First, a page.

You might think calling your book “an atlas of depression” is a bad case of exaggeration, but with his huge tome on depression Solomon earns it. He looks at depression from every imaginable angle, and ties it all together with stories of his own severe episodes over the years. Meticulously organized and eloquently written, this book is full of research– and Solomon’s hard-earned opinions on that research. It’s not an easy read because of its length and its intricate style, but if you want to advance your understanding of depression with just one book, this is your best bet. It’s at the top of this list because it’s just about as good as a book about mental health can get. Here’s a brief excerpt:
Perhaps depression can best be described as emotional pain that forces itself on us against our will, and then breaks free of its externals. Depression is not just a lot of pain; but too much pain can compost itself into depression. Grief is depression in proportion to circumstance; depression is grief out of proportion to circumstance. It is tumbleweed distress that thrives on thin air, growing despite its detachment from the nourishing earth. It can be described only in metaphor and allegory.
As far as there’s a canon of books about mental health, Kay Redfield Jamison’s “memoir of moods and madness” has been near the top for over twenty years. It was one of the first books blending experiential and scientific takes on bipolar disorder (a term she actually dislikes because the idea of two poles draws too strong a distinction when things are much more murky). Jamison has a unique dual perspective on the condition: she has a severe case herself, and she’s a professor of psychiatry at Johns Hopkins School of Medicine. People like to call this book brutally honest, and it is. Jamison is interested in the in-between moods that weren’t really discussed in clinical literature (and still isn’t, except by a few researchers interested in what they call mixed states). This line is characteristic of Jamison’s unflinching self-awareness, which so many people have found relatable: “I had been simply treating water, settling on surviving and avoiding pain rather than being actively involved in seeking out life.”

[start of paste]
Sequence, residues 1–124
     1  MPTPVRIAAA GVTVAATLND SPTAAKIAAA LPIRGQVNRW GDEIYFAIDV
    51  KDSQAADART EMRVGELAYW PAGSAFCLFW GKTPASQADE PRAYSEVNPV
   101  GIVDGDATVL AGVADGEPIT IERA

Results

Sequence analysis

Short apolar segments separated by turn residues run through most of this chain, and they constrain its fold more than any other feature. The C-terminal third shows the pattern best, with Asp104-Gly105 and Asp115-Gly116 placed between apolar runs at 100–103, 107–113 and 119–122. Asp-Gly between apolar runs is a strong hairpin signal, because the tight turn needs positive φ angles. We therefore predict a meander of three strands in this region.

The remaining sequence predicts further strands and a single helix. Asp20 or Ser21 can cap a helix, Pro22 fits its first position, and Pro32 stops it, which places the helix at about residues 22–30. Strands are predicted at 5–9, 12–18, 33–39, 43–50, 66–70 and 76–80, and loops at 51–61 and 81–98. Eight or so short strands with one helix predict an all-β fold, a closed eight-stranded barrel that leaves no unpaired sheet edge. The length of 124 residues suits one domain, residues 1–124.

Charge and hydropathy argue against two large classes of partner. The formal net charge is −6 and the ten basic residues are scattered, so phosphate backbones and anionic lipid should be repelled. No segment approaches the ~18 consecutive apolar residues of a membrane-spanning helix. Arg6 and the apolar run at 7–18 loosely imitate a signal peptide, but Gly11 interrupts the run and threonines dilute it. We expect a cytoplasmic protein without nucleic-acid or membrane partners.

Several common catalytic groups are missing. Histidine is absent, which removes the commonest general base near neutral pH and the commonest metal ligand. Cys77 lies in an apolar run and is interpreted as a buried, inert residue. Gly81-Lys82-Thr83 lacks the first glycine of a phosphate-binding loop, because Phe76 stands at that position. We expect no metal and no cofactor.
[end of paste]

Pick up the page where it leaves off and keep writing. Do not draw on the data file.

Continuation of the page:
The title of Matt Haig’s memoir/guidebook on severe depression (and suicidality) makes things sound pretty drastic– and in a way they are. Haig, who advocates constantly for mental health online, has made it through some tough times, and tells us about them in a relatable way. This book has the opposite goal of Solomon’s, preferring practical advice to encyclopedic knowledge. But don’t let its small size fool you, because this tightly written book is full of wisdom you can start applying to your own experience right away. It’s a great one to keep around in case things get tough again for you or somebody you know. The lists in this book are particularly useful. Here’s part of one:
Here are things I wish someone had told me at the time:
1. You are on another planet. No-one understands what you are going through. But actually, they do. You don’t think they do because the only reference point is yourself. You have never felt this way before, and the shock of the descent is traumatising you, but others have been here. You are in a dark, dark land with a population of millions.
2. Things aren’t going to get worse. You want to kill yourself. That is as low as it gets. There is only upwards from here.
3. You hate yourself. That is because you are sensitive. Pretty much every human could find a reason to hate themselves if they thought about it as much as you did. We’re all total bastards, us humans, but also totally wonderful.
4. So what, you have a label? ‘Depressive.’ Everyone would have a label if they asked the right professional.
5. That feeling you have, that everything is going to get worse, that is just a symptom.